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Johnson & Johnson: Still A Compounding King ?

Jul. 01, 2020 3:27 AM ETJohnson & Johnson (JNJ)
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Seeking Alpha Analyst Since 2020

Long only investor


  • Johnson & Johnson is a Dividend King but the majority of its returns come from being a Compounding King.
  • The pharma indutry is inherently unpredictable due to the nature of the product development and approval process, the limited intellectual property time horizons and the high levels of litigation.
  • However, the balance of probabilities is that Johnson & Johnson will be around in 10 years with similar prospects to those it has currently.
  • The forecast CAGR is 8.3%.

As a member of the highly exclusive "Dividend King" club Johnson & Johnson is one of only 24 companies with over 50 years of consistent dividend growth. Therefore many investors consider it a "fire & forget" purchase that will remain with them through their retirement. However, what many also forget is that the vast majority of Johnson & Johnson shareholder returns come from it being a "Compounding King" able sustain high returns on incremental capital over time.

JNJ 10yr Return

JNJ 20yr ReturnSource: FAST Graphs

Over the past 10 and 20 years Johnson & John has generated shareholder returns of 10.8% and 7% respectively. Earnings growth has been largely consistent throughout the 20 year period therefore the main differentiator in returns was the initial purchase price (blended PE's of 13.63 and 27.65 in June 2011 and June 2001 respectively), highlighting the importance of price upon returns.

So what can one expect from Johnson & Johnson in the future? A useful tool in forecasting future shareholder returns is projecting a company's returns on incremental capital i.e. the return on the earnings a company retains in its business each year.

Intrinsic value compounding rate = ROIC x reinvestment rate

Reinvestment rate is the percentage of owner earnings retained each year. To see how I calculate owner earnings and ROIC see article here.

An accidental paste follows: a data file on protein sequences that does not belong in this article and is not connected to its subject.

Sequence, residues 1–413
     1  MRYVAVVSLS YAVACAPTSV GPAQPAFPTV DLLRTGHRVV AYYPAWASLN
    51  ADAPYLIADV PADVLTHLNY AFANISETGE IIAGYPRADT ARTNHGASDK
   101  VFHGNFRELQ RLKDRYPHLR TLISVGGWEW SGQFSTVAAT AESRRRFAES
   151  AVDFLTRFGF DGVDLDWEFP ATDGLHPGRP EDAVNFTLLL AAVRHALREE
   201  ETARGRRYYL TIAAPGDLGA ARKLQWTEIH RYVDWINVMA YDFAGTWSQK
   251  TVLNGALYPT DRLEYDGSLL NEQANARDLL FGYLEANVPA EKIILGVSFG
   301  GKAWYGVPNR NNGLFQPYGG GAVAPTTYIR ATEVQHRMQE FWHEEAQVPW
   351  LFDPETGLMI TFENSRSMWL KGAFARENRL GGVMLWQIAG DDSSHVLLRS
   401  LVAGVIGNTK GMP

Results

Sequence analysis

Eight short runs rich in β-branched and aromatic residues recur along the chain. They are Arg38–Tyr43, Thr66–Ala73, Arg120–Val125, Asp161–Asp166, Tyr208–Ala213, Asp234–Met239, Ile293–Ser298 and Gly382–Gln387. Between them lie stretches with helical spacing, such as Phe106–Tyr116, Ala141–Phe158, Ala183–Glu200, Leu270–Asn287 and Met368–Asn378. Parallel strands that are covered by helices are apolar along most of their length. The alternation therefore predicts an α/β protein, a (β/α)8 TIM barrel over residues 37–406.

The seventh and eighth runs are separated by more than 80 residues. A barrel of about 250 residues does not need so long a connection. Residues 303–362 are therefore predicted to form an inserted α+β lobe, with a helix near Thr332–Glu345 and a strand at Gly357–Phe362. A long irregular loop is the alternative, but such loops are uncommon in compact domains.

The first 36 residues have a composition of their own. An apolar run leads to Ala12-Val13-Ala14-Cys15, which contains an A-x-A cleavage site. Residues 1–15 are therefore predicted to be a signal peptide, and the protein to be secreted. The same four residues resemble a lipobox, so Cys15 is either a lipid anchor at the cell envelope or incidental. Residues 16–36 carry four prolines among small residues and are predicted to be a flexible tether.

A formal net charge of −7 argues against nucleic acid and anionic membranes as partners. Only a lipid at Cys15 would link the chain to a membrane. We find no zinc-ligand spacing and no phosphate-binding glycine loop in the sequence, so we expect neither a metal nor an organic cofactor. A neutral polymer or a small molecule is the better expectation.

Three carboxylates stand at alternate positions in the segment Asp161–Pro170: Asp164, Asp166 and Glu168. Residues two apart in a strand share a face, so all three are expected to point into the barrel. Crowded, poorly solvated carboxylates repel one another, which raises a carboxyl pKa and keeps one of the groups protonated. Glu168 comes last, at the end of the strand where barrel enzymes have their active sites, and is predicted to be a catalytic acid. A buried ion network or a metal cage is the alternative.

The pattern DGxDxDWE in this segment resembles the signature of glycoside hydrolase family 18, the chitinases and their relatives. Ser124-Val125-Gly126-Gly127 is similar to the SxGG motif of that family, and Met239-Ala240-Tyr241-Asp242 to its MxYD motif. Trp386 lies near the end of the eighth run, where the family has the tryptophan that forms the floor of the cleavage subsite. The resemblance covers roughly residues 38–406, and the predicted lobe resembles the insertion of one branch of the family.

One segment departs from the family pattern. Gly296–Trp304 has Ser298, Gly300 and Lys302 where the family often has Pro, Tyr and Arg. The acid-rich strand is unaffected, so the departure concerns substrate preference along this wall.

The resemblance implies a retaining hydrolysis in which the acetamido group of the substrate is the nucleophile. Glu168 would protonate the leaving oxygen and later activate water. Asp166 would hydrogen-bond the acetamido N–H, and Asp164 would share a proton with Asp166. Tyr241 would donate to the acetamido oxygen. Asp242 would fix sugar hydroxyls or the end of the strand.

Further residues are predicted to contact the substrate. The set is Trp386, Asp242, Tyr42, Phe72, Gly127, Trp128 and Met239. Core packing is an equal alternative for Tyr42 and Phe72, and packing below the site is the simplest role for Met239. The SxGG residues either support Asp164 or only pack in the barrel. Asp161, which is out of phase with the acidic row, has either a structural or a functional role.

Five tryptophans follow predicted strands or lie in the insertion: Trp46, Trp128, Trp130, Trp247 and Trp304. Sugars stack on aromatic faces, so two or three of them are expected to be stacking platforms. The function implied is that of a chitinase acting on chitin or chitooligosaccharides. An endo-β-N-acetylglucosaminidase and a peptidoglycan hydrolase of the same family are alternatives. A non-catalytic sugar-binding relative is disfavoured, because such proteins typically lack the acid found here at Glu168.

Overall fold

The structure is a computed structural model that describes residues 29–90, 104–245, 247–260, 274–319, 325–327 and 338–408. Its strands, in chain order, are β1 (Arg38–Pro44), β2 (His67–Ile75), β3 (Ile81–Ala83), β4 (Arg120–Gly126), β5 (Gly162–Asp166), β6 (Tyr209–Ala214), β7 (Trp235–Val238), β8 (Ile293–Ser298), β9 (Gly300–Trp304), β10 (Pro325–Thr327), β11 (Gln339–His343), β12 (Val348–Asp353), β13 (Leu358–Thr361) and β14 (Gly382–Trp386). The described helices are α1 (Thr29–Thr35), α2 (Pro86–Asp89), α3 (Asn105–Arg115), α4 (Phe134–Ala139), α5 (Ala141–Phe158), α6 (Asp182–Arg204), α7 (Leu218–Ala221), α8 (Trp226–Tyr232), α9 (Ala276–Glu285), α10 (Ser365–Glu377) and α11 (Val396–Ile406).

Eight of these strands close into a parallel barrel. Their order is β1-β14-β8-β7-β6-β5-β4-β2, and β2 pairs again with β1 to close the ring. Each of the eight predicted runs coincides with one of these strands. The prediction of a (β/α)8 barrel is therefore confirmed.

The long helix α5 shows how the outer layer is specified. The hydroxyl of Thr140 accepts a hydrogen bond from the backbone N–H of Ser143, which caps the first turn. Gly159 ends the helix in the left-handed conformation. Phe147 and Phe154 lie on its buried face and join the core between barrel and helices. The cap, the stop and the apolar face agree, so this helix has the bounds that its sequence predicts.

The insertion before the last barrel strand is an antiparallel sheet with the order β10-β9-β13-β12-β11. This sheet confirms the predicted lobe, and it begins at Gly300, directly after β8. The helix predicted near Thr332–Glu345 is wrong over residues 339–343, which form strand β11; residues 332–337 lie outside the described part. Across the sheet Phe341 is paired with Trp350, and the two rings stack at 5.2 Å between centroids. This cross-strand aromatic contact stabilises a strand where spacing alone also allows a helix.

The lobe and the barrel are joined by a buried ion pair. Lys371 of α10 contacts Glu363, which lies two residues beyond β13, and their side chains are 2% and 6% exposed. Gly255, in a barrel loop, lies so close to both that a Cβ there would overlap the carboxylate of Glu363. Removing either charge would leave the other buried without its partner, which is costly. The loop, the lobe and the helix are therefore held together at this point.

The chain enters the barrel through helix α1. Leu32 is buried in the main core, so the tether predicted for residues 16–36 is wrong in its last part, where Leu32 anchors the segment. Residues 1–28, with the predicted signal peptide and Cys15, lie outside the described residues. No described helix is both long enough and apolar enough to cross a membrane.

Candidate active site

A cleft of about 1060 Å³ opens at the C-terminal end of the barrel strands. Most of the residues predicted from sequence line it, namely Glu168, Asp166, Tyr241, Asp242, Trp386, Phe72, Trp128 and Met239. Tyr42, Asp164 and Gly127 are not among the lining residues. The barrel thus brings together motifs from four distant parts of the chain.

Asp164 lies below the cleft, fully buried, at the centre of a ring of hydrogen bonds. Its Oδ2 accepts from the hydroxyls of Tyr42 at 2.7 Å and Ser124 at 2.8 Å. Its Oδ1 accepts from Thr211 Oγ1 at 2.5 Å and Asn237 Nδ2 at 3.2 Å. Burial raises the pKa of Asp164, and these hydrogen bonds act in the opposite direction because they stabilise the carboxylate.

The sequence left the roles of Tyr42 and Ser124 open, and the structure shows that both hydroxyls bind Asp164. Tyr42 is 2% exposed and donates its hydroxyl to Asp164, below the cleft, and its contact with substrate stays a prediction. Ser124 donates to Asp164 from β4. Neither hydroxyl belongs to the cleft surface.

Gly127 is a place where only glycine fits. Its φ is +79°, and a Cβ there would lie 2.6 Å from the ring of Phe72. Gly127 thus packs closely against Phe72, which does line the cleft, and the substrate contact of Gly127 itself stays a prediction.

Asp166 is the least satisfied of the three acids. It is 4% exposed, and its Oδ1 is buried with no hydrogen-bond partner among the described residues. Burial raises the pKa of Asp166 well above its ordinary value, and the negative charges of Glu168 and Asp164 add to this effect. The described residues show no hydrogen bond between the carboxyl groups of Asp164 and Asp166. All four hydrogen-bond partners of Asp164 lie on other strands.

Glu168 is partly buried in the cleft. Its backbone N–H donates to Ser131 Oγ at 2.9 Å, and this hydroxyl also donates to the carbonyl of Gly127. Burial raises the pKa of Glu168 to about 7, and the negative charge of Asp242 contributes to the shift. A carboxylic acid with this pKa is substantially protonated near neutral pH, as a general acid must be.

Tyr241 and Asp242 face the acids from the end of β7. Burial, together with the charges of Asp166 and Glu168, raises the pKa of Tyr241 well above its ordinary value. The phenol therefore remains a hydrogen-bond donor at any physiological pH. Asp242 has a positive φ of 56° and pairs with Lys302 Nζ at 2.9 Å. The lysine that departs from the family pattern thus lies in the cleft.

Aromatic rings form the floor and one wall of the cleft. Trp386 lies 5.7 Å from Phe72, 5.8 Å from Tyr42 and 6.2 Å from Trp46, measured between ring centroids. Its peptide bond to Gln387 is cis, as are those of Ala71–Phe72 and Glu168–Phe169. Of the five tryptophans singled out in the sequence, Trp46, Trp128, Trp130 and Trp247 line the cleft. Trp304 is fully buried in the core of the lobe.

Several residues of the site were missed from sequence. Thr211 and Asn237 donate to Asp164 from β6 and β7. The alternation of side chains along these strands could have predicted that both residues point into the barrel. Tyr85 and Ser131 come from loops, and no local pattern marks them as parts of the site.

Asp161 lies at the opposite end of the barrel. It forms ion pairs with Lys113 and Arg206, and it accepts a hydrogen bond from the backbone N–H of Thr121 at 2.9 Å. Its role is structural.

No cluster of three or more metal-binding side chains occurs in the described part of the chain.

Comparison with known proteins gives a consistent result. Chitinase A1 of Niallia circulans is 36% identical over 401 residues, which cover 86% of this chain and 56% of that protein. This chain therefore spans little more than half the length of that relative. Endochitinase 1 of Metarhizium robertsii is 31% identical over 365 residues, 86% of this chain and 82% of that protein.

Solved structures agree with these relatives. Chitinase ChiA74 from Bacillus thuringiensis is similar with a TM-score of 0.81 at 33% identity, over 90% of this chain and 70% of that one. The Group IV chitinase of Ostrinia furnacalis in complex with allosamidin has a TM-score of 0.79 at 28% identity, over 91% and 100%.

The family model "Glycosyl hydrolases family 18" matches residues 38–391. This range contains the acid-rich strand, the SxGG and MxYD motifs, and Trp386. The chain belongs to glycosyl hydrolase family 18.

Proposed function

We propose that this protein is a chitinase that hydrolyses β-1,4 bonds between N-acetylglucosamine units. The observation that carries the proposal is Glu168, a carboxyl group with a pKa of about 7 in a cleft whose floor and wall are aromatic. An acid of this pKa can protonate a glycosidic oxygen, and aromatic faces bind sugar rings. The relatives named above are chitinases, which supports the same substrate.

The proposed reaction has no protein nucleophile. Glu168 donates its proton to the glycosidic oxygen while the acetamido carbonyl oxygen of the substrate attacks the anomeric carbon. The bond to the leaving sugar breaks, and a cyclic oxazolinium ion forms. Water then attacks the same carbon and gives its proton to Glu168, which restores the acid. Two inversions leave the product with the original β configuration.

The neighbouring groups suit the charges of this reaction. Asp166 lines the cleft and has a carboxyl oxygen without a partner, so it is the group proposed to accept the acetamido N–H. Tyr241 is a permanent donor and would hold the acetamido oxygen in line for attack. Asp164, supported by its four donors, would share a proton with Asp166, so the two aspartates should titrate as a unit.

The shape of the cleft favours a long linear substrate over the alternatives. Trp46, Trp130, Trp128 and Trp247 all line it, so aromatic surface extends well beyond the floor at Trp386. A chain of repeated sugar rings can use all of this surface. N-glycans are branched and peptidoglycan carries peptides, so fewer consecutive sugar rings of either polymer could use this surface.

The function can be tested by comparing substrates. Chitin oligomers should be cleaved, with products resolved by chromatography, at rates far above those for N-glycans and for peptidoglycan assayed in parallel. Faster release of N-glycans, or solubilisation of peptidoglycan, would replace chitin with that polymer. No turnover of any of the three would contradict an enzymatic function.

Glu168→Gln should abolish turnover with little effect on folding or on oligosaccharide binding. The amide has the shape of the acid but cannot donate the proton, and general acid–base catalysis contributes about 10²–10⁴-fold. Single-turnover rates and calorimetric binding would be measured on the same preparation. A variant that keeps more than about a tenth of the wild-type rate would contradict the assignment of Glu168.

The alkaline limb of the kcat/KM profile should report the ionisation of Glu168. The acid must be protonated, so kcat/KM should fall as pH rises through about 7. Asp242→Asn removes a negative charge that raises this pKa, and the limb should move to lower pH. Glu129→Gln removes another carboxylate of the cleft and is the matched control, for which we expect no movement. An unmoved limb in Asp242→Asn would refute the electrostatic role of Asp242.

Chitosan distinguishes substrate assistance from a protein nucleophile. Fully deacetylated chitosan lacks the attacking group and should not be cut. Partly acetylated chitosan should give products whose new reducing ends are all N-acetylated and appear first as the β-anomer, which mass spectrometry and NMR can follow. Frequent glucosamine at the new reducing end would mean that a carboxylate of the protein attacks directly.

The owner earnings reinvestment rate for Johnson & Johnson was 24% in the previous 2 years (see accounts analysis here). It has been higher in the past but it is always prudent to choose the conservative figure when projecting in to the future. ROIC was approximately 26% in the previous 2 years and it has been consistently sustained at this level or above for 20 years. Therefore:

Intrinsic value compounding rate = 24% x 26% = 6.2%

Johnson & Johnson's market cap as of 29th June 2020 was c.$368b. If this capitalisation is compounded at 6.2% for 10 years (and the PE remains constant) the market value would be $687b, creating $319b of value for the shareholder over the period.

Johnson & Johnson also provides value to its shareholders via its stable and steadily increasing dividends therefore these must be accounted for in shareholders returns. Dividends have increased at an average rate of 5% per annum over the previous 5 years and the 2019 dividend payout was $9.9b. If the value of dividends keep increasing at 5% for 10 years the shareholders will receive $131b in dividends over the period.

The sum of the ten year capital returns ($319b) and dividends received ($131b) creates a total $450b return for the shareholders over the period. Against the current market cap of c.$368b this is a 122% return over ten years. The CAGR would be 8.3% which aligns with past returns as outlined in the graphs above.

The question, as ever, is can such returns be sustained in to the future? Johnson & Johnson has demonstrated impeccable financials over time that are the hallmarks of durable competitive advantage. 20 year averages are as follows:

  • Gross margin: 70%
  • Net margin: 18%
  • Interest coverage: x36
  • ROIC: 28%

However, over half of Johnson & Johnson's revenues are generated in the pharma sector which is generally unpredictable due to the nature of the product development and approval process, the limited intellectual property time horizons and the high levels of product related litigation.

The drug development process has a 90% failure rate and even those drugs which reach the final Phase III (patient testing) have a historical failure rate of c.60%. Johnson & Johnson has the second largest R&D spend in the pharma industry (after Roche) and can demonstrate success e.g. over 25% of 2019 revenues were generated by products introduced in the previous 5 years. This statistic is simultaneously alarming because it highlights the dependency on constant R&D success in order to sustain and/or grow revenue. Johnson & Johnson's current development pipeline can be viewed here.